Around 10,000 residents from Arlington and the City of Falls Church are selected from the registered voter lists provided by the State Board of Elections. Jury Commissioners review the responses on the questionnaires to determine a person’s eligibility to serve as a juror for civil and criminal trials in the Arlington Circuit Court.
Anyone who receives a questionnaire is asked to follow these steps:
- Read the entire questionnaire carefully, front and back, for detailed instructions.
- Using your Candidate ID number printed on the questionnaire, visit the secure juror website to complete and submit the questionnaire online (if using this option, do not mail in the form).
- You may also mail the completed form as instructed in the questionnaire.
- The questionnaire is not a summons to appear, so please do not call the Clerk’s Office asking for an excuse from jury duty. Excuses or postponements to serve at another time during the year can be considered if you are actually summoned to serve as a juror.
The form must be completed and returned within 10 days of receipt. Failure to respond to the questionnaire may result in being summoned to Court to complete the form in person.
The normal term of service for those who are picked for jury duty is one week, from Monday through Thursday. Trials generally average one to two days, and jurors receive a $30 expense reimbursement for each day they report for service.
More information about jury duty is available on the county’s website.
It’s that time of the year again — time for the local jury qualification process in Arlington and Falls Church.
Questionnaires are being sent to about 10,000 randomly-selected registered voters, per state law, to determine whether they qualify for jury duty in 2012. Recipients are required to complete and return the questionnaires within 10 days of receipt — either via mail or online.
“Jury Commissioners appointed by the Court review the questionnaires to determine eligibility for service according to criteria established by the General Assembly,” the county said in a press release. If selected, a recipient will be asked to serve as a juror on a civil or a criminal trial next year.
“We are fortunate in Arlington and the City of Falls Church to have residents who are so willing to fulfill their commitment as a juror,” said Clerk of the Ciruit Court Paul Ferguson. “Our system of justice could not operate without this valuable public service. The Arlington Circuit Court greatly appreciates the service of everyone who reported last year, and we look forward to greeting new jurors in 2012.”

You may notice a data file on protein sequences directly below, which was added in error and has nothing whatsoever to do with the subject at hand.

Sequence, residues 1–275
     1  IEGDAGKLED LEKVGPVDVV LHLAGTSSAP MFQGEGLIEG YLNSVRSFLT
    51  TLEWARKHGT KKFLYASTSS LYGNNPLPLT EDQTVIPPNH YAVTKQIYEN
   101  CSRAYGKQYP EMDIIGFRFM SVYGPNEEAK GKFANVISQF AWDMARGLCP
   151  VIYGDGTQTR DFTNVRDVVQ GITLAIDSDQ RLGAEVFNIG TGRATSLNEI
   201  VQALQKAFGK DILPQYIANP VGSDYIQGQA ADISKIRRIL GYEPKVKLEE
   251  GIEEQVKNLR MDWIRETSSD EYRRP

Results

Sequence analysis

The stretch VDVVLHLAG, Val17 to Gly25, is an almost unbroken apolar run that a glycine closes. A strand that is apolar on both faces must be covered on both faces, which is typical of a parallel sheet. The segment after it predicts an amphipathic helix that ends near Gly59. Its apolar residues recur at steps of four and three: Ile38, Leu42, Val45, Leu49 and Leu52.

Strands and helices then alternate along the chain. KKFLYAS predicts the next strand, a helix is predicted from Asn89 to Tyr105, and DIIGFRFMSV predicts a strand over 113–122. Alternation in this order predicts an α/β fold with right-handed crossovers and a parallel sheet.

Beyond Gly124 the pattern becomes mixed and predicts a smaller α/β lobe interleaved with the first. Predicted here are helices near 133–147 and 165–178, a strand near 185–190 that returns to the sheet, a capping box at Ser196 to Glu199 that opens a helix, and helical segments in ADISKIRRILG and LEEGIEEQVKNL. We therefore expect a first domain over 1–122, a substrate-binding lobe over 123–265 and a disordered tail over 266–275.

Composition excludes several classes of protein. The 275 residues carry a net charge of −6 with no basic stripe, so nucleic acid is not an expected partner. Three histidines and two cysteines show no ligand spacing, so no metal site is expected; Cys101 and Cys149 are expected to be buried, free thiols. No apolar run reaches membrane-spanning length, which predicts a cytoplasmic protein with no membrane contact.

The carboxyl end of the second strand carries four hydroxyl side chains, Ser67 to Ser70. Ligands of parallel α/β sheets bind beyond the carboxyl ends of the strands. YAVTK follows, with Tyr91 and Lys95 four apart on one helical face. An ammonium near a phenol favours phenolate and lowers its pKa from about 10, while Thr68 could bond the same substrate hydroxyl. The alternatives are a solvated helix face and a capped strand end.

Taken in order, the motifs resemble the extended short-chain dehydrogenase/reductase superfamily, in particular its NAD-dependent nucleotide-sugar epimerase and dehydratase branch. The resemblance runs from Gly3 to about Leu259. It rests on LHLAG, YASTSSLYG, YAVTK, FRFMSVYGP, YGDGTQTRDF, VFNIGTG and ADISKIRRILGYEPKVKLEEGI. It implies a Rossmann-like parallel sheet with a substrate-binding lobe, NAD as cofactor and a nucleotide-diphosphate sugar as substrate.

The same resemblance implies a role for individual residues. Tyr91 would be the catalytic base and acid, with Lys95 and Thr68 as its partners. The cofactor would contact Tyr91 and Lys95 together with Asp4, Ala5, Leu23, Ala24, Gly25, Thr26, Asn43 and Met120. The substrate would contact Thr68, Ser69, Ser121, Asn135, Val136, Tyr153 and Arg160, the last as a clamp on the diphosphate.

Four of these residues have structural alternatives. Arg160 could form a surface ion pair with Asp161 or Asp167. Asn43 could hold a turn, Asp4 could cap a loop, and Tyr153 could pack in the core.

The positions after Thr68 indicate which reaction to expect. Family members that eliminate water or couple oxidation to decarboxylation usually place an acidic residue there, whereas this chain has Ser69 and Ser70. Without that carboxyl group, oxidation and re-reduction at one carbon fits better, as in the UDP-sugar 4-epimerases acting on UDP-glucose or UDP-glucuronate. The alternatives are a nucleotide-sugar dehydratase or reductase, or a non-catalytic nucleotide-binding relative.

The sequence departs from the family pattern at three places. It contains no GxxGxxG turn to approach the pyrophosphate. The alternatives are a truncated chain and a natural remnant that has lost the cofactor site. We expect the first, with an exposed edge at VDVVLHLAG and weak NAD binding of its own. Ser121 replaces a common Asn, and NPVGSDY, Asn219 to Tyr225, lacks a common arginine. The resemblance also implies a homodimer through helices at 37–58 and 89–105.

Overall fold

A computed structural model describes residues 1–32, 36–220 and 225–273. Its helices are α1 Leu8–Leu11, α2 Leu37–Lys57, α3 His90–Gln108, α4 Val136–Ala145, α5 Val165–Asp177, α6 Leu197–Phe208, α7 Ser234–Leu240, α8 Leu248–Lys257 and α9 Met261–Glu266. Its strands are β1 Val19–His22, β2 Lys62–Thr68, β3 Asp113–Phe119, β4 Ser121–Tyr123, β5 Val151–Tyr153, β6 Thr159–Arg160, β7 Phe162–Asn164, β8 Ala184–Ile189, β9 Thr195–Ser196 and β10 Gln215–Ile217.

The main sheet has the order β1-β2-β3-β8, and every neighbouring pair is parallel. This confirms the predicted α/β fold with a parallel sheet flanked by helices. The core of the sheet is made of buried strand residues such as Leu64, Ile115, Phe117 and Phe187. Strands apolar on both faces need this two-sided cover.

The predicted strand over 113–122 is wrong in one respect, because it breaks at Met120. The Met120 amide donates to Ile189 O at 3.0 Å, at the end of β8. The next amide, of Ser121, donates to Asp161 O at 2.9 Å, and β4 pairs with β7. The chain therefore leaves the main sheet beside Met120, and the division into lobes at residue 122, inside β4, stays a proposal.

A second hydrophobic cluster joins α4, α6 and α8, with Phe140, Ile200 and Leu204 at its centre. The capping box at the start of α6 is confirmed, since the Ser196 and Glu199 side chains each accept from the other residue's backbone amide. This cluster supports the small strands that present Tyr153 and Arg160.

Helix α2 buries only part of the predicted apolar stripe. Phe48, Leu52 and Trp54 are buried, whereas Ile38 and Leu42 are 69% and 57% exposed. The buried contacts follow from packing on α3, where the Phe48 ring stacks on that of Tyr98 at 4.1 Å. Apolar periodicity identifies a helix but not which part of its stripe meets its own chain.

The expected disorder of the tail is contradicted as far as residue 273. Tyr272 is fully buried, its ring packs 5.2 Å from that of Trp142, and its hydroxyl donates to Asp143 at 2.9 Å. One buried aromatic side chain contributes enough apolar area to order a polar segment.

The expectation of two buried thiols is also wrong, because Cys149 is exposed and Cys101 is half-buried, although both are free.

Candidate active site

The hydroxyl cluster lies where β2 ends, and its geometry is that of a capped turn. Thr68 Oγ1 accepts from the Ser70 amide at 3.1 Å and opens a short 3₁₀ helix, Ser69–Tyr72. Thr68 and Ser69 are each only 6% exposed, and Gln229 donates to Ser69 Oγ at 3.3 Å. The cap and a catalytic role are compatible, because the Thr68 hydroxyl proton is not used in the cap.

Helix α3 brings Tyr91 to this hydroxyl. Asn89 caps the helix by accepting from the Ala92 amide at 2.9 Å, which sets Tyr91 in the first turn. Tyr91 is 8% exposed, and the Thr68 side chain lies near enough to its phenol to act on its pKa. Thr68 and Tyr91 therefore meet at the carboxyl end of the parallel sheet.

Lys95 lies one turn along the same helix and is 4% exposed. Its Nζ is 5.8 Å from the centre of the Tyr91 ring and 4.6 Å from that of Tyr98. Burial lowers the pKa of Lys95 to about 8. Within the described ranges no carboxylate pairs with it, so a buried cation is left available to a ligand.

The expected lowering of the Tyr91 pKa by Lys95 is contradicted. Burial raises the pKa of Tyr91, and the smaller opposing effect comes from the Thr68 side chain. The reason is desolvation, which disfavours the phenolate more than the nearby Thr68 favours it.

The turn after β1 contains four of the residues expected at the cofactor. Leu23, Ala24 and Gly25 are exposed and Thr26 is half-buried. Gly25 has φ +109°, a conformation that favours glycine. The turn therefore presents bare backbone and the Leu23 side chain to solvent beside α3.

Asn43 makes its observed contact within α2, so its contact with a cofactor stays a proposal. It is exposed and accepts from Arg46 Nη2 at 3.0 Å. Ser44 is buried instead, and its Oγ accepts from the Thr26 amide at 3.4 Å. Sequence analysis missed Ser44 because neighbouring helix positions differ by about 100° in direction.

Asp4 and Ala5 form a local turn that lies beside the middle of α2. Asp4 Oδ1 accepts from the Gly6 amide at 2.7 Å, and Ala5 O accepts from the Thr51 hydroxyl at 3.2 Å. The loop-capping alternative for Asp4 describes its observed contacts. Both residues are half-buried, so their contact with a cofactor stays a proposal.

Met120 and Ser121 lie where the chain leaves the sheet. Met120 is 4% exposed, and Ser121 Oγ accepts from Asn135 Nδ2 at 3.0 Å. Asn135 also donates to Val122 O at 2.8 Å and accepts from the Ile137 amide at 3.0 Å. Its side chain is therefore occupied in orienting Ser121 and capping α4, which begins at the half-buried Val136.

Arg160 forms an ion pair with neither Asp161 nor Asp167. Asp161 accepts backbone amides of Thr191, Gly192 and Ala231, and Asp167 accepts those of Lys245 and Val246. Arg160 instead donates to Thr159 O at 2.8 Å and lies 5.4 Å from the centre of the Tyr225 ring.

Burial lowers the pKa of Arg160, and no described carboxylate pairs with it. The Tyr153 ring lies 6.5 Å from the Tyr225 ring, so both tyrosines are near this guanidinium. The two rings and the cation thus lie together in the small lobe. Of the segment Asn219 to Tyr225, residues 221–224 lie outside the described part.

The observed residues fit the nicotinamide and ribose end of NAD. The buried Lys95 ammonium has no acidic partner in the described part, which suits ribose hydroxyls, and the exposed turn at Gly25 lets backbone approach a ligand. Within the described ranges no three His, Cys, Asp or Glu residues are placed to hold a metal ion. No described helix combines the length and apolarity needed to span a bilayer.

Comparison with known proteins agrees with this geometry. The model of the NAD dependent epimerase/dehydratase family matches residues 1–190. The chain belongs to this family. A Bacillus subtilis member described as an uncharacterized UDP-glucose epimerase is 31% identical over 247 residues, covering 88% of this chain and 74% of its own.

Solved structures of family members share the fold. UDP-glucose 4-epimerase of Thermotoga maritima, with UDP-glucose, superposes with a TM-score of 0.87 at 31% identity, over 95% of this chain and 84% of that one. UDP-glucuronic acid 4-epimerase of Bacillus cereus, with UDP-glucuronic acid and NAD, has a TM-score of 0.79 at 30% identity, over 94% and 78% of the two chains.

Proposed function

The average length of a trial in Arlington’s Circuit Court is 1 to 2 days, with the trial days stretching as long as 5:00 p.m. or later. Jurors receive $30 per day in compensation.
Certain individuals are exempt from jury duty, including non-U.S. citizens, convicted felons, residents who’s lived in the county less than 6 months, people with medical conditions, those over the age of 70, primary caregivers to a child or disabled relative, police officers, firefighters, jail employees, practicing attorneys, certain full-time teachers, those who have a hard time hearing or understanding, and people with pending cases before the court.
Jury service may be deferred/postponed if a potential juror has a previously-scheduled trip, is unemployed and seeking a job, is a full-time student or if the jury service would impose a severe financial hardship. Just don’t call with excuses after receiving the questionnaire, officials say.
“The questionnaire is not a summons to appear so please do not call the Clerk’s Office asking for an excuse from jury duty,” the county press release said. “Excuses or postponements to serve at another time during the year can be considered if you are actually summoned to serve as a juror.”
If you don’t return the questionnaire within 10 days, you’ll be summoned to court to complete it.